With the recent news an AFL club and other players may have allegedly provided players with potentially illegal performance-enhancing substances, there’s clearly a need for caution to be exercised when dealing with supplements.
Everyone likes the idea of a bit of extra help when you’re slaving away at the gym four or five times a week. But what should you know about taking supplements that aren’t available through reputable outlets?
Sports Medicine Australia, the peak organisation for professionals in sports medicine and science, urged those considering taking unknown supplements to think again.
The organisation’s spokesman and sports physician Dr Peter Larkins said with the prevalence of supplements at an all-time high, all those considering this path need to realise the dangers associated with dealing with products such as these before proceeding.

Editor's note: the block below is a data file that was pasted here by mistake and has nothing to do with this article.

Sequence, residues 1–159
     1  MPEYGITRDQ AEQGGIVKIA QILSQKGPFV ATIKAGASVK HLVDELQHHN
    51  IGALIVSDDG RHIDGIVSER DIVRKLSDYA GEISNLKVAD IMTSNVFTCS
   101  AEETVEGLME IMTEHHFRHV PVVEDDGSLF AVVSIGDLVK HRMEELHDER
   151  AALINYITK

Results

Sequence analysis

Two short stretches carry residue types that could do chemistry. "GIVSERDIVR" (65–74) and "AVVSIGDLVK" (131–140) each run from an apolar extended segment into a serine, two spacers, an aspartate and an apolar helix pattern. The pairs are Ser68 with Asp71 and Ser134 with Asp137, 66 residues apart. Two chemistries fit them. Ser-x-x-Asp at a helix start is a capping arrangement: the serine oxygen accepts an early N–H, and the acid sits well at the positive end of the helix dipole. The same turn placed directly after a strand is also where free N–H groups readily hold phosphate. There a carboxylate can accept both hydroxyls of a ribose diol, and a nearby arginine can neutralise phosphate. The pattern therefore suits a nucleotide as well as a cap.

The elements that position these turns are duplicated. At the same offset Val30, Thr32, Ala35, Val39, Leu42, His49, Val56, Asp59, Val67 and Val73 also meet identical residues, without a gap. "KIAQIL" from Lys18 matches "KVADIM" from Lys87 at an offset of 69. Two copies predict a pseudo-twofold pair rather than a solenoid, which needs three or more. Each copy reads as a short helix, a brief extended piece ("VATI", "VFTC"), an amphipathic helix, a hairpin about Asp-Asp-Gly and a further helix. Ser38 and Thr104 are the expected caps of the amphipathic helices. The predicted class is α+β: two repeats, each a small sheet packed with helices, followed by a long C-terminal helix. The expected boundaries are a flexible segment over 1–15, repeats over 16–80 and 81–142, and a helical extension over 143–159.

“There are a lot of people using supplements in the belief of enhancing their sporting performance,” Larkins said.
“Quite often they are unaware what the products may contain and are putting themselves at risk of ingesting banned substances such as anabolic substances and amphetamines.
“Sportspeople, whether at an elite or community level considering purchasing supplements of any kind should be aware that supplements should always be discussed in consultation with a suitable sports medicine practitioner or sports dietitian.
“This will ensure that what is purchased and used will not be detrimental to one’s health and not be a banned substance.”
CleanEdge is Sports Medicine Australia’s anti-doping and body image program for all participants of sport, physical activity, recreation and fitness in the community.
It can help you find real, effective and safe ways to enhance performance; the facts and consequences of doping; and the latest information on nutrition and supplements in the fitness industry.